Miscellaneous

Interview and articles from Riffat Hassan, the progressive theologian and academic specialized in Islamic sciences. Riffat Hassan defends a more humane, democratic and feminist interpretation of Islam in general and of the Quran and other sacred texts in particular (in French).

Feminist critiques of gender-neutral approaches to the study of labour markets have demonstrated that gender relations do not simply articulate with, but are part of, the very fabric of labour markets as they have developed. That is, gender is a constitutive element in the formation of labour markets.
While the increasing internationalization of feminism provides new prospects for women’s solidarity throughout the world, theoretical perspectives such as identity politics, cultural relativism and postmodernism emphasize the uniqueness, particularism, and localism of each and every feminist movement.
Introduction

Following independence in 1991, the former Soviet republic of Uzbekistan has been undergoing sweeping social, political and economic changes, all deeply affecting the country's women. However, women's problems continue to be ignored, while the role of women has become a battleground between the various forces, including fundamentalism, which seek to fill the ideological vacuum left by the collapse of Soviet power.
The aim of this paper is to explore some contradictory implications of nationalist projects in post-colonial societies. It examines the extent to which elements of national identity and cultural difference are articulated as forms of control over women and which infringe upon their rights as enfranchised citizens.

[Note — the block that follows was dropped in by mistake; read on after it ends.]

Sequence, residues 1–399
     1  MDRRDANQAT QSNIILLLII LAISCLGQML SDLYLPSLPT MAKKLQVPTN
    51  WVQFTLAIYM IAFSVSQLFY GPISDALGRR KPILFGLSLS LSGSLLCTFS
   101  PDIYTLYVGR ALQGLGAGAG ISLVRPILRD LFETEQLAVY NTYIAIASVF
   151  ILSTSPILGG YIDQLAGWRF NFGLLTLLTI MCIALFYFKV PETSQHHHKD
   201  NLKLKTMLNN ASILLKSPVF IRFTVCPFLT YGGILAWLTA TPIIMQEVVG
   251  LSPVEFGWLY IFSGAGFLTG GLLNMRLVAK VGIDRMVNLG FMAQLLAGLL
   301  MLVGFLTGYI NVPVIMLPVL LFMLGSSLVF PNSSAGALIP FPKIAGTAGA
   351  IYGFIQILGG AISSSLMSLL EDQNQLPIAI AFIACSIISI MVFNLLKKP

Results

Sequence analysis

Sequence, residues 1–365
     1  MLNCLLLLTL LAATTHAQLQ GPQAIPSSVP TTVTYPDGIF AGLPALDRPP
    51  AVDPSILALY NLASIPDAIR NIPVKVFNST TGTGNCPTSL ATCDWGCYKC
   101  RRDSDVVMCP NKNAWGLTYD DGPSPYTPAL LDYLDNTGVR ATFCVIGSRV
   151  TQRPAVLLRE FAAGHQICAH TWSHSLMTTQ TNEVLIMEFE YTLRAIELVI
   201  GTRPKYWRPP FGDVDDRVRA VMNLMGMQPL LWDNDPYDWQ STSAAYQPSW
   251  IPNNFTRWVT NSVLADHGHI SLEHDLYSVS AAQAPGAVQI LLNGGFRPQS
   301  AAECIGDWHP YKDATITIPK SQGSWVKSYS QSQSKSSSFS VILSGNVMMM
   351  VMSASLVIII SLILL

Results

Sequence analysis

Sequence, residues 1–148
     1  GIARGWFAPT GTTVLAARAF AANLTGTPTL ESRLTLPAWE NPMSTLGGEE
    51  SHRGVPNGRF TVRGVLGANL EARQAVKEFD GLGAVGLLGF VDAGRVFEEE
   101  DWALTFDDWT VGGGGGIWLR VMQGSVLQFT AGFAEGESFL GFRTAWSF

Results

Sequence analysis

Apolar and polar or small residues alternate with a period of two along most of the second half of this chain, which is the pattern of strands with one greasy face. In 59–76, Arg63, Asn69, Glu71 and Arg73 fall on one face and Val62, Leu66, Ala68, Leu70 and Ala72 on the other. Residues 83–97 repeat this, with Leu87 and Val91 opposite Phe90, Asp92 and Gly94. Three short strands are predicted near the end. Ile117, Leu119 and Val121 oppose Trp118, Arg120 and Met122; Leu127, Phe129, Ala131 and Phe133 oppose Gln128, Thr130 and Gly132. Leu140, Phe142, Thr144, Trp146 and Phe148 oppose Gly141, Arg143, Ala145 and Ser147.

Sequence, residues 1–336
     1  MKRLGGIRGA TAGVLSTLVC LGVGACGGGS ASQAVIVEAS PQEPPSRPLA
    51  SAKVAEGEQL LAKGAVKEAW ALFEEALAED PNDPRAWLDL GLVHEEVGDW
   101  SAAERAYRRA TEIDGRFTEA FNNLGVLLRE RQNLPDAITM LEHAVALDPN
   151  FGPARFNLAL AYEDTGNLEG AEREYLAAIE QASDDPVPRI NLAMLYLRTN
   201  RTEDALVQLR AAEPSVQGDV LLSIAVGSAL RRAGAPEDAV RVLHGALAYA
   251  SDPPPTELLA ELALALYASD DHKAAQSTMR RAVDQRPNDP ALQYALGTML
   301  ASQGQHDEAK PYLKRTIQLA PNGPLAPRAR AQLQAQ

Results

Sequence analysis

Despite the extensive literature on nationalism, there are relatively few systematic attempts to analyse women's integration into nationalist projects. The little there is conveys seemingly contradictory messages.
Given the rising tide of Islamisation in Muslim countries and its call for wider recognition of Shari'a as the primary legal basis of Muslim nations, concerns about Shari'a's conflict with human rights standards must be addressed.
Once upon a time there was a people called North which was white and rich, and a people named South which was non-white and poor. The people North exploited, attacked and killed the people South according to their needs.
Women in Algeria must negotiate their access to the public sphere in a society torn between the residual patriarchal reflexes of the modern state and Islamist revivalism.
There are 15-20,000 political prisoners in Turkey. Student, worker and ecologist demonstrations are regularly broken up and demonstrators arrested and tortured. There is a state of emergency in five eastern provinces as the large Kurdish community continues to fight for its survival. Meanwhile, the regime makes the superficial move towards liberalism, which are necessary for its application to join the EEC to be accepted.

In the following interview Jill Bend from Off Our Backs (OOB) talks to three Turkish radical feminists.
Riffat Hassan, a native of Pakistan, received her doctorate in Islamic Philosophy at Durham, England. Since 1976 she has been a professor in Religious Studies at University of Louisville, Kentucky. Currently, she is a visiting lecturer at the Divinity School Harvard University, where she is working on a forthcoming book entitled "Equal Before Allah". The following interview was recorded on April 16, 1986 and formed the basis for a November, 1987, Asian Communiqué radio program produced by Betty Milstead of the Center of Asian Studies, University of Texas, Austin.
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